To many people, the Pacific island nation of Tuvalu (pop.: 12,177) is best known for the fact that it won the coveted Internet country domain extension .tv. The nation sent a new ambassador to the U.S. late last year who is concurrently accredited as his country's permanent representative to the United Nations in New York, partly because Tuvalu does not own an embassy in Washington, D.C. Aunese Makoi Simati presented his credentials to President Barack Obama on January 14, 2013, just a month after doing the same with U.N. Secretary General Ban Ki-Moon. Simati succeeds Afelee F. Pita, who had served in the U.S. since December 2006.

 

Born on April 22, 1967, Simati earned an undergraduate degree in Economics and a Master’s degree in Economics and Geography at Waikato University in New Zealand.

 

Simati joined government service in 1991, spending his first thirteen years at the Tuvalu Ministry of Finance, Economic Planning and Industries, starting as a rural physical planner in the Department of Planning and rising to senior economic adviser from 1993 to 1994, acting director from 1994 to 1999, and senior assistant secretary from 1999 to 2003.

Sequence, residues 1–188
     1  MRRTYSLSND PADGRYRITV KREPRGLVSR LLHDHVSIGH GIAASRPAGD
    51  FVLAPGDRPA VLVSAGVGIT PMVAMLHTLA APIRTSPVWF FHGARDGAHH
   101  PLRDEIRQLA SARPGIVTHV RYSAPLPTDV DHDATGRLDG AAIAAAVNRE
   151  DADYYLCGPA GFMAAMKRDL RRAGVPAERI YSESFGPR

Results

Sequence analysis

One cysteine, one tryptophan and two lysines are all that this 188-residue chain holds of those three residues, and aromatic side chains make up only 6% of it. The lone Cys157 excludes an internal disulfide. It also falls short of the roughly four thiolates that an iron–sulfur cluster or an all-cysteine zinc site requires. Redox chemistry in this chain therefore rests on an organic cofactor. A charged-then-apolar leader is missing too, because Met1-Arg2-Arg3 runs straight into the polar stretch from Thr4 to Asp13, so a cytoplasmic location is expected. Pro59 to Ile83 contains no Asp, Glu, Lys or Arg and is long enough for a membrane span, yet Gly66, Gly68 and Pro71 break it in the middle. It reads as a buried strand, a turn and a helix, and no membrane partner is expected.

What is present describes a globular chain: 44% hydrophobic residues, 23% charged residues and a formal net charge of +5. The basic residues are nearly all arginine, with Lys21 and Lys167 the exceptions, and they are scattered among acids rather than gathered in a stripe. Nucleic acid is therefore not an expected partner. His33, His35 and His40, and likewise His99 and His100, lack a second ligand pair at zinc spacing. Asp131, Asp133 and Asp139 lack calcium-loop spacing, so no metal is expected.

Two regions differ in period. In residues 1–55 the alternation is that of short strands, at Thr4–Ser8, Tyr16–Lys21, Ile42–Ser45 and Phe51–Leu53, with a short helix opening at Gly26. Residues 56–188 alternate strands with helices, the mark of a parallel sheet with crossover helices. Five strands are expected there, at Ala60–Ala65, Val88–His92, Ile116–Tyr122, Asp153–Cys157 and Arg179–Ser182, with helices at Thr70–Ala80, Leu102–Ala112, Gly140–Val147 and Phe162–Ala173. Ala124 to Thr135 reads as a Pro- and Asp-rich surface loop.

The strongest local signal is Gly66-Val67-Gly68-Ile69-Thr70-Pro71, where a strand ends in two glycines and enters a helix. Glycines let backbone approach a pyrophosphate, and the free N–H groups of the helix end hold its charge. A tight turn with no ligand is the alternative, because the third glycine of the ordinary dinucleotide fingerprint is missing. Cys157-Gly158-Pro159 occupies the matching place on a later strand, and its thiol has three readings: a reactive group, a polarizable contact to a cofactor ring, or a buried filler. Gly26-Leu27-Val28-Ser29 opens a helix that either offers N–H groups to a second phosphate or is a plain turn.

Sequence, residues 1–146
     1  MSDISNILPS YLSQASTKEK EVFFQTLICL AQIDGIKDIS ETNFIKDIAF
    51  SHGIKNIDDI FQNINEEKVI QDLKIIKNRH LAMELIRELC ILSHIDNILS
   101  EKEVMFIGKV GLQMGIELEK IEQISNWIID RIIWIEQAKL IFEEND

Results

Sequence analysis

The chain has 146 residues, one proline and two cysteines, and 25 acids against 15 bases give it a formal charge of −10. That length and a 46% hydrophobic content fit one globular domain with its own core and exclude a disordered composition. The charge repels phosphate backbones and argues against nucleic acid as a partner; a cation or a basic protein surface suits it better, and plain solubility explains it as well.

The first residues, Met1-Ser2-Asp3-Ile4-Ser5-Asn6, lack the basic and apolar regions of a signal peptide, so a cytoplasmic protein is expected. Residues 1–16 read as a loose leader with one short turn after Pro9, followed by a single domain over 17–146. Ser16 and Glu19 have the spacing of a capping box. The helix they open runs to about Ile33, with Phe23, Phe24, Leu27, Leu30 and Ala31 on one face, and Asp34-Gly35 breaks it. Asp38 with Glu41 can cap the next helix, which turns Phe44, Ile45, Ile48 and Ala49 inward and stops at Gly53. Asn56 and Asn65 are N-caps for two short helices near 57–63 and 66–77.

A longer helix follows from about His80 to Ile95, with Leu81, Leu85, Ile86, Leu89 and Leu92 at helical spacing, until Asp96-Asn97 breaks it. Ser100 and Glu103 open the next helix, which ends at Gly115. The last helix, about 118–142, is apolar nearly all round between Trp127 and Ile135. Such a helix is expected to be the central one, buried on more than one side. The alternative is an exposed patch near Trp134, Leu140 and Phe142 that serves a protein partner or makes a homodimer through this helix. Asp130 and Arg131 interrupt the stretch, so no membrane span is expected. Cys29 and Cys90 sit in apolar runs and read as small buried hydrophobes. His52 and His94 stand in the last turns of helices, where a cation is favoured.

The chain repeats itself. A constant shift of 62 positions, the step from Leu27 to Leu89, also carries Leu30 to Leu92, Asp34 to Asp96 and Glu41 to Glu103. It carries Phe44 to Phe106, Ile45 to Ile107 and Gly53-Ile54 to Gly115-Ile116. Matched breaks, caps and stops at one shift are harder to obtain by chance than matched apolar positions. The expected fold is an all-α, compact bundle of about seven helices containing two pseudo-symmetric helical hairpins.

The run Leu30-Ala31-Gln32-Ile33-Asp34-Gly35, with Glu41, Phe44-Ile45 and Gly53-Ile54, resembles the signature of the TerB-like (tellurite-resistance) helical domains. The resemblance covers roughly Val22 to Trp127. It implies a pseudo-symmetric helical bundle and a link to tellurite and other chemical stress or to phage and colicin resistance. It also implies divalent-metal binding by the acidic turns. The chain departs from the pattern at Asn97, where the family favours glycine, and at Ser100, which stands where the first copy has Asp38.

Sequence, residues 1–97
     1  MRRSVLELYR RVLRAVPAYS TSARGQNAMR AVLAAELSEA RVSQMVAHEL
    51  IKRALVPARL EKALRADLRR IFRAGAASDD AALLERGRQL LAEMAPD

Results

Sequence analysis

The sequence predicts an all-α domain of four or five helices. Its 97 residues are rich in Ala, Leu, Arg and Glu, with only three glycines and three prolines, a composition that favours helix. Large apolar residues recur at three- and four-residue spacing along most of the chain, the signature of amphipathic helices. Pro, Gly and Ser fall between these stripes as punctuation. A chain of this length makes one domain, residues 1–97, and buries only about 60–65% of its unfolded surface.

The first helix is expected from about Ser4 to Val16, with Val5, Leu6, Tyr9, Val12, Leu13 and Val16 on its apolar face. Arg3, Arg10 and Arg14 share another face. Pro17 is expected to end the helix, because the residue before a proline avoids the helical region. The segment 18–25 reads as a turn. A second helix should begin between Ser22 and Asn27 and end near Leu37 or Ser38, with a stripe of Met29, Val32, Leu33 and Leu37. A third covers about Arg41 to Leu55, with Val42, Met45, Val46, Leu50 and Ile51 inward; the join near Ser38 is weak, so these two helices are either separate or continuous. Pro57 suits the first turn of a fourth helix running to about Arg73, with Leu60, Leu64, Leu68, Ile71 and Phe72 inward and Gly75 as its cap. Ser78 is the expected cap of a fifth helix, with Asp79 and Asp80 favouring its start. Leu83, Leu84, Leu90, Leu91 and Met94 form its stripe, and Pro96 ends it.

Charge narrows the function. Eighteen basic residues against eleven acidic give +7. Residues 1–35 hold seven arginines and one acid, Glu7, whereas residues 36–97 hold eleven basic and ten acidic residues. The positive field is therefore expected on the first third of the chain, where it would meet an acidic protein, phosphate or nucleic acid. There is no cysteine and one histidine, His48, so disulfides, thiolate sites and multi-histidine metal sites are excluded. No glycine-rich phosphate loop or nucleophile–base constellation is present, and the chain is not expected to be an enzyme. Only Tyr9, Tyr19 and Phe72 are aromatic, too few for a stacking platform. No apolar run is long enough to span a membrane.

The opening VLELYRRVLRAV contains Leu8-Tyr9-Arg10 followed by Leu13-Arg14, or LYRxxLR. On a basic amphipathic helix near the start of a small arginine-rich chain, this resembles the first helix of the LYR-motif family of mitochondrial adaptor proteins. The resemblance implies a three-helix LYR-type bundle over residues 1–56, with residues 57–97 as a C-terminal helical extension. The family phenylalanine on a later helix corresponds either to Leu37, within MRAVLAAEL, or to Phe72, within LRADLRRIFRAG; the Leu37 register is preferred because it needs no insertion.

Simati spent the next seven years serving in high positions in three different ministries. From 2003 to 2004, he was acting permanent secretary in the Ministry of Communications and Transport; in 2005, he served as permanent secretary in the Ministry of Home Affairs and Rural Development; and from 2006 to 2009, he was permanent secretary in the Ministry of Finance, Economic Planning and Industries.

 

From mid-2009 to January 2010, Simati served as permanent secretary at the Department of Foreign Affairs in the Office of Prime Minister Apisai Ielemia in Funafuti. From February 2010 until his latest appointment, Simati was high commissioner (i.e., ambassador) to Fiji

 

Ambassador Simati is married to Sunema P. Simati.

 

Official Biography

A Window for Development: Tuvalu Trust Fund (by Aunese Makoi Simati)

more less
Tuvalu's Embassy Web Site in the U.S.
more less

Comments

Peter Jones 6 years ago
while the earth has always endured natural climate change variability, we are now facing the possibility of irreversible climate change in the near future. the increase of greenhouse gases in the earth?s atmosphere from industrial processes has enhanced the natural greenhouse effect. this in turn has accentuated the greenhouse ?trap? effect, causing greenhouse gases to form a blanket around the earth, inhibiting the sun?s heat from leaving the outer atmosphere. this increase of gree...